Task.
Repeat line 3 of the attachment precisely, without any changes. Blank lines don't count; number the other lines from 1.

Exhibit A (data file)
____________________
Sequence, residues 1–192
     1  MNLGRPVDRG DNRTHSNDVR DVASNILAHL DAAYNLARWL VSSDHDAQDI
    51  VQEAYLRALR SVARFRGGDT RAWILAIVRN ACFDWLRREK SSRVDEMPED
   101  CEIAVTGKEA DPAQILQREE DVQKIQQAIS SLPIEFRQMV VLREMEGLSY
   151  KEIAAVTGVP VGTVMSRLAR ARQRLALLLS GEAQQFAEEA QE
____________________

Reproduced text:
    51  VQEAYLRALR SVARFRGGDT RAWILAIVRN ACFDWLRREK SSRVDEMPED